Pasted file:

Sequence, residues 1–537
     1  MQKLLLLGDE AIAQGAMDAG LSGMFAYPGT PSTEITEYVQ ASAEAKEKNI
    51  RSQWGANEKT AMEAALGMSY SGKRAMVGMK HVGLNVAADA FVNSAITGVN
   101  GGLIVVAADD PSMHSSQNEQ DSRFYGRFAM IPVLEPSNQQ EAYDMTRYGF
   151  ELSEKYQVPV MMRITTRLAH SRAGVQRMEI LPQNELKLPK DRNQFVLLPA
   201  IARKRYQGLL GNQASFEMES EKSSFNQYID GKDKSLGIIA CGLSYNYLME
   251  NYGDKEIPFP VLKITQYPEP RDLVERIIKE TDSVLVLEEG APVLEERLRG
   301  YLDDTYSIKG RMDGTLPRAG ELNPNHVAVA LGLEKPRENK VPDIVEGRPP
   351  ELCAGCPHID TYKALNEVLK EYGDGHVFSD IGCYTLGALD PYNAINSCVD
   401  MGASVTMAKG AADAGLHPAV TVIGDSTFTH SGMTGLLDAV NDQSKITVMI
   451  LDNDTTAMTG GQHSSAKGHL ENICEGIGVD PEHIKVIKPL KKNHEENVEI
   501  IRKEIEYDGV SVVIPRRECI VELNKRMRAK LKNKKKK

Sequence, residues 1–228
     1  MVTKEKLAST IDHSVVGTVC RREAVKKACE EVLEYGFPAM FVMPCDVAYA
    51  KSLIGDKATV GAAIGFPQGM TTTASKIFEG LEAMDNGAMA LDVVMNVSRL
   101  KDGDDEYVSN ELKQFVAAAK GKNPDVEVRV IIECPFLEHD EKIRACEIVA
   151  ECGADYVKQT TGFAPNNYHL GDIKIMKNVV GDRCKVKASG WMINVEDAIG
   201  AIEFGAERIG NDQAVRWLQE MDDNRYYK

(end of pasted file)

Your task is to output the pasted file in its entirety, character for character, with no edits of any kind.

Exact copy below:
Sequence, residues 1–537
     1  MQKLLLLGDE AIAQGAMDAG LSGMFAYPGT PSTEITEYVQ ASAEAKEKNI
    51  RSQWGANEKT AMEAALGMSY SGKRAMVGMK HVGLNVAADA FVNSAITGVN
   101  GGLIVVAADD PSMHSSQNEQ DSRFYGRFAM IPVLEPSNQQ EAYDMTRYGF
   151  ELSEKYQVPV MMRITTRLAH SRAGVQRMEI LPQNELKLPK DRNQFVLLPA
   201  IARKRYQGLL GNQASFEMES EKSSFNQYID GKDKSLGIIA CGLSYNYLME
   251  NYGDKEIPFP VLKITQYPEP RDLVERIIKE TDSVLVLEEG APVLEERLRG
   301  YLDDTYSIKG RMDGTLPRAG ELNPNHVAVA LGLEKPRENK VPDIVEGRPP
   351  ELCAGCPHID TYKALNEVLK EYGDGHVFSD IGCYTLGALD PYNAINSCVD
   401  MGASVTMAKG AADAGLHPAV TVIGDSTFTH SGMTGLLDAV NDQSKITVMI
   451  LDNDTTAMTG GQHSSAKGHL ENICEGIGVD PEHIKVIKPL KKNHEENVEI
   501  IRKEIEYDGV SVVIPRRECI VELNKRMRAK LKNKKKK

Sequence, residues 1–228
     1  MVTKEKLAST IDHSVVGTVC RREAVKKACE EVLEYGFPAM FVMPCDVAYA
    51  KSLIGDKATV GAAIGFPQGM TTTASKIFEG LEAMDNGAMA LDVVMNVSRL
   101  KDGDDEYVSN ELKQFVAAAK GKNPDVEVRV IIECPFLEHD EKIRACEIVA
   151  ECGADYVKQT TGFAPNNYHL GDIKIMKNVV GDRCKVKASG WMINVEDAIG
   201  AIEFGAERIG NDQAVRWLQE MDDNRYYK